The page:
Martin Cooper led the team at Motorola that developed the world’s first handheld mobile phone. He was born in 1928. He served in the US Navy before taking a degree in Electrical Engineering from Illinois Institute of Technology (IIT). In 1954 he joined Motorola and worked on pagers and then car phones using cellular technology. At that stage the car phones were mobile only in the sense that they moved when the car did.
In the early 1970s Cooper was worried that Motorola’s great rival AT&T was gaining a lead in car phone technology and was lobbying the Federal Communications Commission (FCC) for frequency space for its car phone network. Despite the fact that AT&T were larger than Motorola and had much greater research resources, Cooper wanted to challenge and if possible to leapfrog the giant. He has said that watching Captain Kirk using his communicator on the television show Star Trek inspired him with a stunning idea – to develop a handheld mobile phone. He and his team took only 90 days in 1973 to create the first portable cellular 800 MHz phone prototype.
Martin Cooper was not just a clever engineer. He also understood the power of public relations. He called a press conference. On April 3, 1973, on Sixth Avenue in New York City, in front of a group of amazed journalists Cooper made the first public phone call from a prototype handheld cellular phone. Showing remarkable chutzpah, he made that first call to Joel Engel, head of research at AT&T Bell Labs to inform his rivals that they were well behind. He then allowed some of the reporters to make phone calls to anyone of their choosing to prove how the cell phone worked. The resulting publicity was a sensation.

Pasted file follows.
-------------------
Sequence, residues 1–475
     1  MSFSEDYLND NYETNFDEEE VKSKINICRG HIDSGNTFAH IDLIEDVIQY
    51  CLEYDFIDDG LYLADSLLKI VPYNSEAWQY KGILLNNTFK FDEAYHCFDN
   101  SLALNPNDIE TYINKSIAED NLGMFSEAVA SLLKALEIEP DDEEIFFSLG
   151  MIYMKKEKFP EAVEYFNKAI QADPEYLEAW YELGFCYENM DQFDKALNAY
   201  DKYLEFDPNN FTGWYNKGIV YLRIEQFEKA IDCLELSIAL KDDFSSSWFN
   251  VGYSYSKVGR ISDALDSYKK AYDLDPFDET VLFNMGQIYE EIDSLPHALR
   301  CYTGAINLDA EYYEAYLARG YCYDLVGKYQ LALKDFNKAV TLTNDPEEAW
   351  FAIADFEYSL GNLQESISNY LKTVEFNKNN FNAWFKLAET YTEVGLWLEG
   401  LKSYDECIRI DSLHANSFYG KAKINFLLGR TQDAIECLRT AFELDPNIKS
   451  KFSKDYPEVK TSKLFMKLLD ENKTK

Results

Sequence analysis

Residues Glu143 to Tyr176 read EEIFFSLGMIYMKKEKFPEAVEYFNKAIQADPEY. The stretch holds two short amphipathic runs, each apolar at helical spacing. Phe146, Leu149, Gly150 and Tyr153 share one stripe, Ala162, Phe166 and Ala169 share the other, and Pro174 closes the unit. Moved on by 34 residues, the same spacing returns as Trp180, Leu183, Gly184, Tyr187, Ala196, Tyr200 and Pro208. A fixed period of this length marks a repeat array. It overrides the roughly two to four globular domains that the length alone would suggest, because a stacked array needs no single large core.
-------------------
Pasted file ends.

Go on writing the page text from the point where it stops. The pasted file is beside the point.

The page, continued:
Cooper later said, ‘As I walked down the street while talking on the phone, sophisticated New Yorkers gaped at the sight of someone actually moving around while making a phone call. Remember that in 1973, there weren’t cordless telephones, let alone cellular phones. I made numerous calls, including one where I crossed the street while talking to a New York radio reporter – probably one of the more dangerous things I have ever done in my life.’
The original Motorola DynaTAC handset weighed a hefty 1 kilogram (2.2 lb) and had very restricted talk time. Cooper later joked, ‘The battery lifetime was 20 minutes, but that wasn’t really a big problem because you couldn’t hold the phone up for that long.’ Because of the infrastructure needed, it took a full 10 years before the first commercial cell phone, the DynaTAC 8000x was launched in 1983. This phone weighed 1.1 pounds, had 30 minutes of battery life and was priced at $3,995 – about $9300 in today’s prices.
The Startrek series foreshadowed many other innovative ideas and inspired other inventors. Ed Roberts, who invented the first home computer, the Altair 8800, named it after the Altair Solar System in a Star Trek episode.
Based on a chapter in Think like an Innovator by Paul Sloane published by Pearson.